What Happened to the Quants in August 2007?
Massachusetts Institute of Technology (MIT)
Andrew W. Lo
Massachusetts Institute of Technology (MIT) - Sloan School of Management; Massachusetts Institute of Technology (MIT) - Computer Science and Artificial Intelligence Laboratory (CSAIL); National Bureau of Economic Research (NBER)
November 4, 2007
During the week of August 6, 2007, a number of quantitative long/short equity hedge funds experienced unprecedented losses. Based on TASS hedge-fund data and simulations of a specific long/short equity strategy, we hypothesize that the losses were initiated by the rapid unwind of one or more sizable quantitative equity market-neutral portfolios. Given the speed and price impact with which this occurred, it was likely the result of a forced liquidation by a multi-strategy fund or proprietary-trading desk, possibly due to a margin call or a risk reduction. These initial losses then put pressure on a broader set of long/short and long-only equity portfolios, causing further losses by triggering stop/loss and de-leveraging policies. A significant rebound of these strategies occurred on August 10th, which is also consistent with the unwind hypothesis. This dislocation was apparently caused by forces outside the long/short equity sector - in a completely unrelated set of markets and instruments - suggesting that systemic risk in the hedge-fund industry may have increased in recent years.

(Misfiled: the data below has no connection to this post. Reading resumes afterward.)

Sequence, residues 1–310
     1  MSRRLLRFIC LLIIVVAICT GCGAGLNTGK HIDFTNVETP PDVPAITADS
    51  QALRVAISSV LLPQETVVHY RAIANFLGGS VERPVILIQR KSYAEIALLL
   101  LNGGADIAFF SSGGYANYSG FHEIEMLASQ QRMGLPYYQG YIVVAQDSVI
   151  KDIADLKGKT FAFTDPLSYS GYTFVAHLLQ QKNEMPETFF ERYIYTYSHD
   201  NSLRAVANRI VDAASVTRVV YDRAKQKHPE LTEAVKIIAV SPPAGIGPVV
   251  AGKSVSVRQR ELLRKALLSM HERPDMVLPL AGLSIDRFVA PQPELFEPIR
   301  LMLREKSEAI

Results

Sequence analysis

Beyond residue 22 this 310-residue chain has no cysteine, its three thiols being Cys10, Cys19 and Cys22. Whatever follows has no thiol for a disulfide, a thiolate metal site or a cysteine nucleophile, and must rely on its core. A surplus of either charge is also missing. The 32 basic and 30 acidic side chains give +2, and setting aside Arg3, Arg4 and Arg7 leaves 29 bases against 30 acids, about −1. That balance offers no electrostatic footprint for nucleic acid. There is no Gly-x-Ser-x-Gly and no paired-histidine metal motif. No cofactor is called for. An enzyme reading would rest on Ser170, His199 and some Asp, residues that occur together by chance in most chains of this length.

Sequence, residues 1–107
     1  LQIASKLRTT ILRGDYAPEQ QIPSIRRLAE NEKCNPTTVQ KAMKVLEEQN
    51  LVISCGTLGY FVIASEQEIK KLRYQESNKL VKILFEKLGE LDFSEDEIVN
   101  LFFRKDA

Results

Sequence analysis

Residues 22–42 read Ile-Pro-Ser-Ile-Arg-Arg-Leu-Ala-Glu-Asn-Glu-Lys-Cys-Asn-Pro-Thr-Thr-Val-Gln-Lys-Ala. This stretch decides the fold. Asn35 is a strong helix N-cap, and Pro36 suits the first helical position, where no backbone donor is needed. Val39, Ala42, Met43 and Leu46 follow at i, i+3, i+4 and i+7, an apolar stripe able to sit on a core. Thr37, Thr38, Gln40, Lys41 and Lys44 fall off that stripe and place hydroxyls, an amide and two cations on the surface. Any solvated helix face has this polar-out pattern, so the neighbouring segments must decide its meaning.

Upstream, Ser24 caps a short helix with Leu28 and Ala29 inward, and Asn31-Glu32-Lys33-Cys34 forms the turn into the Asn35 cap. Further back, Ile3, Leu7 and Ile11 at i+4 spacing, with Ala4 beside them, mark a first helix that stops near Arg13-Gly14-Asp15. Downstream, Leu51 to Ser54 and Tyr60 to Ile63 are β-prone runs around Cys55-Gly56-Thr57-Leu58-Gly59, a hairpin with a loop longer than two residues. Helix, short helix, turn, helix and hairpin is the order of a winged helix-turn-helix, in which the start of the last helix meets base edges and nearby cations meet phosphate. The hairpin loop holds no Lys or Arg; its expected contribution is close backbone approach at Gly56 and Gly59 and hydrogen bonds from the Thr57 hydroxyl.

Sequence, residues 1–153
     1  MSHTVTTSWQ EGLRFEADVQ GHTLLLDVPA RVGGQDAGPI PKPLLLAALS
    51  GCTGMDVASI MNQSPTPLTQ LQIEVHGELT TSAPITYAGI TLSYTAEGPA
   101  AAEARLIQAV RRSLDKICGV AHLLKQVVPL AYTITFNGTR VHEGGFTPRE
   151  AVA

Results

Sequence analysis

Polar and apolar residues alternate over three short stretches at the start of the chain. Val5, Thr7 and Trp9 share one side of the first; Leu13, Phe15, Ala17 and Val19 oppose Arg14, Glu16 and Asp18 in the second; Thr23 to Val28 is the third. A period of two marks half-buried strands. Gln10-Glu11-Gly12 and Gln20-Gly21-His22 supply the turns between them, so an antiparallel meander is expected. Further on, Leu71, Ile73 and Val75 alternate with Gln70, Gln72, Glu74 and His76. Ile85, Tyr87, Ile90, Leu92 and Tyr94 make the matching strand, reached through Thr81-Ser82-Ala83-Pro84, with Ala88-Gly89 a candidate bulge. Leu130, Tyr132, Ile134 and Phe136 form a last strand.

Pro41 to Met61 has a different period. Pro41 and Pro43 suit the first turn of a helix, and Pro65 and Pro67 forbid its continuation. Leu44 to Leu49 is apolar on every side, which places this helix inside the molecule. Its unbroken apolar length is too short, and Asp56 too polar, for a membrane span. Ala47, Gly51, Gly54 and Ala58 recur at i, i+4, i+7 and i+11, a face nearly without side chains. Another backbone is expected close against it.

Number of Pages in PDF File: 67
Keywords: Hedge Funds, Long/Short Equity, Liquidity, Statistical Arbitrage, August 2007
JEL Classification: G10, G12, G20, E44
Date posted: September 21, 2007 ; Last revised: January 17, 2008
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